Manga High: Literacy, Identity,
and Coming of Age in an Urban
By Michael Bitz
(Harvard Education Press, 2009)
240 pp. $29.95
Kirsten Olson’s Wounded by School brought back painful memories of the time I hid behind my textbook in the 5th grade, hoping not to be called on, and the day in high school when I failed to make the National Honor Society and ran into the bathroom to hide my tears. These are some of the wounds of school that Olson writes about. She provides a list of wounds that, in condensed form, give the flavor of her argument against current practices:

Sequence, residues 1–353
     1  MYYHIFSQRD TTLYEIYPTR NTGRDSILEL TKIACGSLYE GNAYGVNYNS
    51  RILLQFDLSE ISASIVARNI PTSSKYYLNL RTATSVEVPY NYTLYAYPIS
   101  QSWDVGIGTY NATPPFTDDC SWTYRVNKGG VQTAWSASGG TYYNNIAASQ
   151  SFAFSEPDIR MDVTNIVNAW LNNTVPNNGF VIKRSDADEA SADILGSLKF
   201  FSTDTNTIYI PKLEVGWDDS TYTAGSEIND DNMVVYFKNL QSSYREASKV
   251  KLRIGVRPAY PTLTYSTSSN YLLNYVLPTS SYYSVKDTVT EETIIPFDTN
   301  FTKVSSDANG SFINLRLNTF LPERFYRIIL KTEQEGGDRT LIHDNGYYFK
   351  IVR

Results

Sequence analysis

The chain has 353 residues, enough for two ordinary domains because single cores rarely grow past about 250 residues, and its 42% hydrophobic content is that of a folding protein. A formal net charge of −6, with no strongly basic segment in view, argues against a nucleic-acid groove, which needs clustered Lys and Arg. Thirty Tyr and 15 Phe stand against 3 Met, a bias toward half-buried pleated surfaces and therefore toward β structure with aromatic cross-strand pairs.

• “Everyday” loss of pleasure in learning.
• Belief that we are not smart.
• Belief that our abilities are fixed and cannot be improved.
• Painful, burning memories of shaming experiences in school.
• Low appetite for intellectual risk taking.
• Tendency to classify others and ourselves into dualistic categories like smart/dumb.
Olson rightly places responsibility for these and other humiliations and blows to self-esteem on the nature of school in our society. She brilliantly analyzes the ways in which these wounds affect and damage teachers and parents as well as students, providing dozens of specific examples.